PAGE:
Pop In for Pop-Ups

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Today the Main Library hosted it’s first Pop-Up program. Featured were not only pop-up books from our circulating collection, but also from our professional collection which does not circulate to the public.

Pop-ups first became part of literature in the 1200’s with the work of Matthew Paris who designed volvelles, or circles placed one on top of the other which revolve around a central access.  Below is an example of a volvelle.


In 1765 the first pop-up’s were produced exclusively for children by Robert Sayer. His work included paper flaps that could be folded down to change the illustrations within a book, and therefore change the nature of the story.

The first golden age of pop-up’s came in the 1800’s. The use of movable elements within books proliferated, as did a leisure class of people who had not only the money to spend on these expensive creations, but also the time to read them to their children.

1929 brought the first use of pop-ups as we know them today, illustrations that pop-up from the page and can be activated by turning pages within a book.

1965 brought about the second golden age of pop-ups the popularity of which continues through today with the exquisite work of people like Robert Sabuda.

Here is a complete timeline of the history of pop-ups.

Today many wonderful and intricate pop-ups were on display for people to come in, read and admire. Some of the most popular were:


Cinderella by Matthew Reinhart with pop-up illustrations by Robert Sabuda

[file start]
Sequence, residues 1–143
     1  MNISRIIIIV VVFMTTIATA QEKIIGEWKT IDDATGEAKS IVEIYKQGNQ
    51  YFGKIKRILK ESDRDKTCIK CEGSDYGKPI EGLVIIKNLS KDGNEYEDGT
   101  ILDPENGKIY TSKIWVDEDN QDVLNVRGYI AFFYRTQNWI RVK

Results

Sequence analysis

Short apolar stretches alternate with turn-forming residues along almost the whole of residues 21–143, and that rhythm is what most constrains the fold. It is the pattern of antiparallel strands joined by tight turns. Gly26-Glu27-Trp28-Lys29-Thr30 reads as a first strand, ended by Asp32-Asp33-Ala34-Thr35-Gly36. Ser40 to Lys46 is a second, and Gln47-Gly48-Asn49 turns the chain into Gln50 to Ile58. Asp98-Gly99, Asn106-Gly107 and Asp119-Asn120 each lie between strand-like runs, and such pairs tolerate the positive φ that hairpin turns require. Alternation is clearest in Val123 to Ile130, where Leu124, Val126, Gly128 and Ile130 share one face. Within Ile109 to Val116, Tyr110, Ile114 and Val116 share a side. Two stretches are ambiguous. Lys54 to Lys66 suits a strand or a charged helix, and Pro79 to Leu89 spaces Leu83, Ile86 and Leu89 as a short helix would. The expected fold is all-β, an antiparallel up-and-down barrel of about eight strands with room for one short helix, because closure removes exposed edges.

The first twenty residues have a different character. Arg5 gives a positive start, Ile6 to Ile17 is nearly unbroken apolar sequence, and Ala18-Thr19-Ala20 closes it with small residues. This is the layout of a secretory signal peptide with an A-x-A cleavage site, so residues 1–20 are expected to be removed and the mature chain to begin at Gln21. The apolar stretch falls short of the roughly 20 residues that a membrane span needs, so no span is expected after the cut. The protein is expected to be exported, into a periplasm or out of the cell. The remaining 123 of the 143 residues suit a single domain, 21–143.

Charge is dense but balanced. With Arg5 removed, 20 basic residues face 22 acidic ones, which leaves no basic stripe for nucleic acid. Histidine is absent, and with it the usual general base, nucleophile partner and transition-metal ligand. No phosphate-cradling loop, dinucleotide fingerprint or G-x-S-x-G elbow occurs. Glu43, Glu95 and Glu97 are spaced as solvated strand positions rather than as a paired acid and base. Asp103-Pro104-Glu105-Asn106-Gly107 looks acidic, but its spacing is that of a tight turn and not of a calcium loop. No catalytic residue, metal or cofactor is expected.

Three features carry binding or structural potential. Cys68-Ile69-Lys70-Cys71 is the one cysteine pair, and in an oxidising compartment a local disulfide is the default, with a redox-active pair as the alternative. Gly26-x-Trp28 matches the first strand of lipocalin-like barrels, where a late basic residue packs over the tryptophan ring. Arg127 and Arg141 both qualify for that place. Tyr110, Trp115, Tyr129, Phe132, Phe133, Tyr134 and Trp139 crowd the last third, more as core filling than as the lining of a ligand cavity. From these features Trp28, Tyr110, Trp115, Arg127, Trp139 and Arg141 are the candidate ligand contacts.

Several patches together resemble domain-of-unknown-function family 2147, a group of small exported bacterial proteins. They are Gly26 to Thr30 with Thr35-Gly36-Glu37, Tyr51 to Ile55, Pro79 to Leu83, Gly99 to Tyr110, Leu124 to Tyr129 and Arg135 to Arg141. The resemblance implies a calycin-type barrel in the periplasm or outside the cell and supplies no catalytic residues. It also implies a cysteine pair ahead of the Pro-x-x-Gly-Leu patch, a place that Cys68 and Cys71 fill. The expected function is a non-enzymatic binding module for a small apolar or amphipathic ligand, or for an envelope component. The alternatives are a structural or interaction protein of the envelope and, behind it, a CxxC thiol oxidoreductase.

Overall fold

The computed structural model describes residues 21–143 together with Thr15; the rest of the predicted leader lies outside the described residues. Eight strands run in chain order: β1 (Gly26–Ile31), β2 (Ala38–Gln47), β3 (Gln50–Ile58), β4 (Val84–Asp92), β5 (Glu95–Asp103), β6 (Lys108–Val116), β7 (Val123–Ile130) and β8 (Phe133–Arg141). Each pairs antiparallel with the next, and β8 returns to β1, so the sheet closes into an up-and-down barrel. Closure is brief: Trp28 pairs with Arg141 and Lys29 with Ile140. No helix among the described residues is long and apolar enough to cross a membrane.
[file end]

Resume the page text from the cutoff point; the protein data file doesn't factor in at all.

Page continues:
Alice in Wonderland

Alice’s Adventures in Wonderland by Lewis Carroll with pop-up illustrations by Robert Sabuda

Night Pirates

Night Pirates by Peter Harris, illustrated by Deborah Allwright and designed by Corina Fletcher


Charlie and the Chocolate Factory by Roald Dahl and illustrated by Quentin Blake.

Two crafts were also offered. In the first three slits were cut in a half folded piece of paper. The strips that result were then folded so they stood up from the paper. To each of these strips a die cut image could be glued. When the paper was opened the images then popped up from the page.



The second craft involved folding a chosen image into the shape of an accordion. One end of the image would be glued to one side of a folded piece of paper, the other end would be glued to the other side. When the paper was opened the accordion image would pop up from the page.





A little girl creating a pop-up page based on the first craft.

This was a wonderful chance for the public to come out and experience books they would otherwise not see.

-Miss Jessica


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